The Pledge of Allegiance starts with “I” and ends with “all.” That’s what America is all about - “I” (individual) and “all” (all of us). When all of us understand how valuable each of us is, that’s powerful. And here’s what else is powerful: When each of us understands how powerful all of us are. - Jim Rohn

Power is polarizing.

Most of us can name a half dozen people who have abused their power to cause more harm than good. These are people in our own lives, political figures, or leaders within organizations. We have seen the story play out - someone reaches the pinnacle of success and “lets it get to them.” In a worst-case scenario, we let these stories be the whole truth about power. We limit the amount of power we want to claim for ourselves out of fear. Fear of following the same path or fear of association with the few that have given power a bad name.

At the same time, many of us can name people we deem powerful with admiration and respect. These people may carry themselves with confidence - taking risk after risk. Others have inspired us with their success in moving people towards a single cause. We can look to a speaker on a stage or in a TED video and think to ourselves - that person is powerful.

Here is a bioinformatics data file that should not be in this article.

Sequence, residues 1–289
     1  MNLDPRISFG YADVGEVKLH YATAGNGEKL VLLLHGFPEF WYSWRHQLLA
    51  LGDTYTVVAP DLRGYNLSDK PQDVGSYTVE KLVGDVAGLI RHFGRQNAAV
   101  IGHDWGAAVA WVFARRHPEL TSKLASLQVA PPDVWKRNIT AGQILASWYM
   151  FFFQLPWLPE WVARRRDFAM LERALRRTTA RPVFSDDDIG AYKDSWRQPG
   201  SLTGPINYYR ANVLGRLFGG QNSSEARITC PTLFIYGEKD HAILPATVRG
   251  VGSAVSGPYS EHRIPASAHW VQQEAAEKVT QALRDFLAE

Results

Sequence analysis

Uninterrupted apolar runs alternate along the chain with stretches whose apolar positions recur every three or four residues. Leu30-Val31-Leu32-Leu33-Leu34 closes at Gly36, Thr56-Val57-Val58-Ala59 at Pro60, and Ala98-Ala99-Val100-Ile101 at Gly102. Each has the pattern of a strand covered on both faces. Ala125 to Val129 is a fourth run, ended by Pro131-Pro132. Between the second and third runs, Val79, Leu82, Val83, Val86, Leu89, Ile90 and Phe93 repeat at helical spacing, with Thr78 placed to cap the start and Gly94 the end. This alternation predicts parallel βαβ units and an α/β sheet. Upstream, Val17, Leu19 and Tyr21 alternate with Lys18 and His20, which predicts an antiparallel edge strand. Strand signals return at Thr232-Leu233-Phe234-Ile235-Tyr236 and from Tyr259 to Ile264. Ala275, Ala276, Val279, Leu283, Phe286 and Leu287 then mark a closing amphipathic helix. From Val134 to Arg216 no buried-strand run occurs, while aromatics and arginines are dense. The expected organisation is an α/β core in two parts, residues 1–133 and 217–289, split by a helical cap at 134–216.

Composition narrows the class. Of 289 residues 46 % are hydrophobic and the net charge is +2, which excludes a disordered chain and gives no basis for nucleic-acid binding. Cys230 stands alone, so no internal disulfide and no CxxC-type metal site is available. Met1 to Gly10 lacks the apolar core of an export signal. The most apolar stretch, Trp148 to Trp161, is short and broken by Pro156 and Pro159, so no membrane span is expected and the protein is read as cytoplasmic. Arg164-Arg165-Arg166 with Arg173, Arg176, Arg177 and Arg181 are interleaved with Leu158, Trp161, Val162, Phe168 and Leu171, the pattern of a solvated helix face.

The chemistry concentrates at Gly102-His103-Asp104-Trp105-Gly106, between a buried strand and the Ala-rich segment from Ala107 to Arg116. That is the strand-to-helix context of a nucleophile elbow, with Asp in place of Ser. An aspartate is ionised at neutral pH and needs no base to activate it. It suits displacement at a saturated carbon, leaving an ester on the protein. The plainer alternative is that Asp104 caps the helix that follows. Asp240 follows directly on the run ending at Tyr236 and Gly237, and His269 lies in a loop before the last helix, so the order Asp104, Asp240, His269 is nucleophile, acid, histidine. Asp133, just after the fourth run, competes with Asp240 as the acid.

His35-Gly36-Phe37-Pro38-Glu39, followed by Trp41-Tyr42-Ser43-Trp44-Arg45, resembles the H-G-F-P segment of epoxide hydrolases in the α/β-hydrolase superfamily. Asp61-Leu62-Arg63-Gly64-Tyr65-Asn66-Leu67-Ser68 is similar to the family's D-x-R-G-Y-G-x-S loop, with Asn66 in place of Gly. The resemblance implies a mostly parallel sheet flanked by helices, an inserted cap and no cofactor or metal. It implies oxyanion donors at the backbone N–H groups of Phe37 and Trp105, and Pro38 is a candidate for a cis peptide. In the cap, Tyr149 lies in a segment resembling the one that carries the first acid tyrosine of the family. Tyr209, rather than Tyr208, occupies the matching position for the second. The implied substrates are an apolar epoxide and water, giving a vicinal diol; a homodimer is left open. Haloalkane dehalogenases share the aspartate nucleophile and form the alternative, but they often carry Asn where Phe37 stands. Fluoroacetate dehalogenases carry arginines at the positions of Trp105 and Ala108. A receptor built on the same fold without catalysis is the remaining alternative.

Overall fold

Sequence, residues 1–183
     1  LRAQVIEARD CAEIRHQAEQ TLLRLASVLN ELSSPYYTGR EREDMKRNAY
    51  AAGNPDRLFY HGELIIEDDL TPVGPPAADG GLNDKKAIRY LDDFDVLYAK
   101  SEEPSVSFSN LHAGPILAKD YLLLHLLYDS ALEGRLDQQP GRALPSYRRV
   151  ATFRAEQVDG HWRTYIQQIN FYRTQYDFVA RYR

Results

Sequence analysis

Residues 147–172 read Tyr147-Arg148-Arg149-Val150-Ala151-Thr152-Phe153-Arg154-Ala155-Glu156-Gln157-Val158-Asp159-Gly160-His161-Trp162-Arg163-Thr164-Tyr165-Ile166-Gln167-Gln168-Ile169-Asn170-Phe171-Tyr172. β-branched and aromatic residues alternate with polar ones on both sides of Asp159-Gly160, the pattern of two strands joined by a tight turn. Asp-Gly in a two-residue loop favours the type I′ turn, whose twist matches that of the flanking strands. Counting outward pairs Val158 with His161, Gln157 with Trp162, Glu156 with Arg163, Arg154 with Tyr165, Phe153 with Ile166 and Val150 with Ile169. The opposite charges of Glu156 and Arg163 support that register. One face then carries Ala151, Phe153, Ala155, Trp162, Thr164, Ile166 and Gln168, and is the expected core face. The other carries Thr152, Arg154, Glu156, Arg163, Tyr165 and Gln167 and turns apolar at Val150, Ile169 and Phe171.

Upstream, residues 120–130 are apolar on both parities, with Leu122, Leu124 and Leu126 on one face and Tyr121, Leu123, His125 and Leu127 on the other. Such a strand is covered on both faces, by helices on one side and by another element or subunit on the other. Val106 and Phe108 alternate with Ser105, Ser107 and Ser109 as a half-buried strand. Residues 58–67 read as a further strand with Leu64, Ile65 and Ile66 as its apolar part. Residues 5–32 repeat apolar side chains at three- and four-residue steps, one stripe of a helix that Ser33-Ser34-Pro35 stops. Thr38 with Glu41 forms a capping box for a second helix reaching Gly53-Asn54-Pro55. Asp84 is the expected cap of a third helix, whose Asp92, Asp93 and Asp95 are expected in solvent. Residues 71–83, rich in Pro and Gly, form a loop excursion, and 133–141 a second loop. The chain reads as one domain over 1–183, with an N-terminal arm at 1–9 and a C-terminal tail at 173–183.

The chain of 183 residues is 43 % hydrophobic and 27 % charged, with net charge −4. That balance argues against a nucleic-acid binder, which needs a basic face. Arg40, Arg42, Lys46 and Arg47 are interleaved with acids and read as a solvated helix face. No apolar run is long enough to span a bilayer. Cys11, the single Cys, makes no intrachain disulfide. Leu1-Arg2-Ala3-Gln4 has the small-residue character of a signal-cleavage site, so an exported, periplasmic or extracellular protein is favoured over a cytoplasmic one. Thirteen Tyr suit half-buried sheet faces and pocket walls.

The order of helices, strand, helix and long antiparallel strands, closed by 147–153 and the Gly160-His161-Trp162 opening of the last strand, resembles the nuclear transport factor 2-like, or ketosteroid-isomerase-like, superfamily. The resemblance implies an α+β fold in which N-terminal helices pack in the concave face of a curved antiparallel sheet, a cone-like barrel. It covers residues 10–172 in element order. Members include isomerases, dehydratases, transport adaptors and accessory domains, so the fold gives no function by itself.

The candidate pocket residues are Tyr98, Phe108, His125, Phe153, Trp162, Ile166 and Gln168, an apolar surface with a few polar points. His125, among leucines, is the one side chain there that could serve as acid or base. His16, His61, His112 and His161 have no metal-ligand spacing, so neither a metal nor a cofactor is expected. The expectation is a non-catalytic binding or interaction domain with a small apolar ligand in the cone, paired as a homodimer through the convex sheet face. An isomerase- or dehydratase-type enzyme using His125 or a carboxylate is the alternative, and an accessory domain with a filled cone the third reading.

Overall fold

Most of us can see the power in others, but it is hard to see it in ourselves. In both of these scenarios - other people, out there, have power - good or bad.

When introducing the word power to any client, 90% of the time, they immediately look out there, beyond them. They wouldn’t dare claim that label. This is even harder for women. Others cannot see in us what we cannot see in ourselves. We have to get comfortable with the idea that we have power. When we fail to consider this, we become irresponsible with ourselves and others. We have to see how valuable each of us is, including ourselves.

We are most unwilling to see ourselves as powerful when we view power as a limited resource. We ration or assign power based on some arbitrary scale created by someone else. If you have power, I cannot. If I have power, you cannot. Each of us needs to understand how powerful all of us are. Leaders operate from a place where power is an unlimited resource. They aim to create the largest value for all people rather than allocating it to a few. Power is a pie that can grow large enough for each of us to have a slice.